A distributor would like to develop a 365 day calendar comprised solely of dog pictures. Each page would feature a selected picture of a dog. All breeds, including mixes will be accepted for the selection process. The distributor of these calendars has submitted a request through the network to receive photographs from dog owners around the world who believe they're dog has what it takes to make the calendar. It is preferred the photographs are stored to a file and digitally transferred through the Internet to the exchange for review. A total of 365 photograph entries will be accepted from among all those received. The distributor will pay $100 for each photograph submission accepted for printing in the 2001-year calendar. The distributor will be looking for pictures of dogs only. No other animals or people should appear in the photographs. Multiple dogs may, however, appear in one photograph. All entries meeting these requirements and mailed before Sep. 19, 2000 will be accepted for entry by the distributor.

A television network, acting as a third party end user, is looking for some new humorous material it could adapt into one of its weekly sitcoms, which has recently plummeted in the ratings. Executives at the network plan to both openly search the content databases for applicable material as well as submit a request through the network. The material may include but is not limited to ideas, real life stories, scripts or anything that might stimulate humor in what has otherwise become stale weekly episodes. The network has put no timeframe on the submissions of content material hoping this new method of receiving story ideas can be ongoing and will help improve ratings. The network plans on paying submitters $10,000 if their content material is selected, and as an added incentive selected submitters may also get a cameo in an up and coming episode. The contest format will be included as well so the public can vote and/or rate their favorite episodes, and those submitters will receive larger grand prizes.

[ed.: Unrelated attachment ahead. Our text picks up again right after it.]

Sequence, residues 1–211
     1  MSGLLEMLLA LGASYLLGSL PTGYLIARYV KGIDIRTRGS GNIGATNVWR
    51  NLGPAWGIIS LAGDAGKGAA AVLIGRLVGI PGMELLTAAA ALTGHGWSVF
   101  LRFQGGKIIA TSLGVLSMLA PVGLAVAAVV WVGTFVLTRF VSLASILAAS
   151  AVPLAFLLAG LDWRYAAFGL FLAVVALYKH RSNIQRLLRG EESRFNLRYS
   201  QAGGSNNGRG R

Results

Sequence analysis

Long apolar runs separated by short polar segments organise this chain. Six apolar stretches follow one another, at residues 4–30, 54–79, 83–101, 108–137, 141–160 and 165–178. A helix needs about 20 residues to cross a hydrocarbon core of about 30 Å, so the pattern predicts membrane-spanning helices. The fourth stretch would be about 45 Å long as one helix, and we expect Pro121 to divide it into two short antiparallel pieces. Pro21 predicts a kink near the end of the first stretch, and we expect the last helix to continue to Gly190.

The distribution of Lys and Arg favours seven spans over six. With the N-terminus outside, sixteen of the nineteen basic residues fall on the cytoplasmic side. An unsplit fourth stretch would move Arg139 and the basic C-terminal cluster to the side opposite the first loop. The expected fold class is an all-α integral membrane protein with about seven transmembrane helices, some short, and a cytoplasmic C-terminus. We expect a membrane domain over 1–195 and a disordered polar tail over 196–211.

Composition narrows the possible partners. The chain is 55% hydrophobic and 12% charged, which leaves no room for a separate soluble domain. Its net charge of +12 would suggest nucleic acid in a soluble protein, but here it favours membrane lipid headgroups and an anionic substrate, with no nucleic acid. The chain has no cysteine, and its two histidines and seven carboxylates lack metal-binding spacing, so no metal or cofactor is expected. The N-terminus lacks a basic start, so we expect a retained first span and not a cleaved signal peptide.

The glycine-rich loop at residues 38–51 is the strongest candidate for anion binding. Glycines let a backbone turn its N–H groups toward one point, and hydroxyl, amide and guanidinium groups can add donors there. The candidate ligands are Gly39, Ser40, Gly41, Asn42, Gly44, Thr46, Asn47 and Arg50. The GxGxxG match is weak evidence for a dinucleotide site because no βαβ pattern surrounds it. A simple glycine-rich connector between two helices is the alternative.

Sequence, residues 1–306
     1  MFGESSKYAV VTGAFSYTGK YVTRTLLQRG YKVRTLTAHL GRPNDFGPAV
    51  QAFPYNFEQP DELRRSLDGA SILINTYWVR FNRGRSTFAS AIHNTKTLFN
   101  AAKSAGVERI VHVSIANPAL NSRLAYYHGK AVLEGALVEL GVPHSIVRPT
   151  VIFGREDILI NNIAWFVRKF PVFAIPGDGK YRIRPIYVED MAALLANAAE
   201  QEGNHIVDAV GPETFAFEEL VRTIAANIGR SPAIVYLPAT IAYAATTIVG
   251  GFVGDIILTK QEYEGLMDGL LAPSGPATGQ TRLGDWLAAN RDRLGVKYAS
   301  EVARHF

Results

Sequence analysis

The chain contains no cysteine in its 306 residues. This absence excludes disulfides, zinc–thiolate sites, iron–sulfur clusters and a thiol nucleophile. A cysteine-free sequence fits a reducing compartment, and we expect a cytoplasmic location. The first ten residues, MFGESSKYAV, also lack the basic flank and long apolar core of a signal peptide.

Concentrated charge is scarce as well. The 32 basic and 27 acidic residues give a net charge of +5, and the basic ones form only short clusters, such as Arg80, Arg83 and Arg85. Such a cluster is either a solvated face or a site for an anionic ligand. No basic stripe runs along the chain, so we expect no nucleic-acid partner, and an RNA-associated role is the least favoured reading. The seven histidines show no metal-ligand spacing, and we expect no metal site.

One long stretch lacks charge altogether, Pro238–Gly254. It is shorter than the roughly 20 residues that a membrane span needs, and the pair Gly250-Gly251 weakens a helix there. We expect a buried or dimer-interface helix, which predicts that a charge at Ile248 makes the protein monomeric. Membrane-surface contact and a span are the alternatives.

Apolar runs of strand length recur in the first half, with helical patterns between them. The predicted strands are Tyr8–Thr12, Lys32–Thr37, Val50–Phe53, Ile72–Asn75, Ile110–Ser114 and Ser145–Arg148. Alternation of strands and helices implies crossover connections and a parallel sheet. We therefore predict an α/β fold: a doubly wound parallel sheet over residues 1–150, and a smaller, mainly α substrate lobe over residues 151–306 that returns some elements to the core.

Those skilled in the art will recognize that the method and apparatus of the present invention has many applications, and that the present invention is not limited to the representative examples disclosed herein or the preferred embodiment of television and the Internet. Moreover, the scope to the present invention covers conventionally known variations and modifications to the system components described herein, as would be known by those skilled in the art. Various other embodiments and modifications to these preferred embodiments may be made by those skilled in the art without departing form the scope or spirit of the invention. Accordingly, the invention is not to be limited, except as by the appended claims.

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Classifications
U.S. Classification705/7.11
International ClassificationG06F9/44
Cooperative ClassificationG06F21/10, G06Q10/063, G06Q20/123, G06Q20/14, G06Q30/02
European ClassificationG06Q20/14, G06Q30/02, G06F21/10, G06Q20/123, G06Q10/063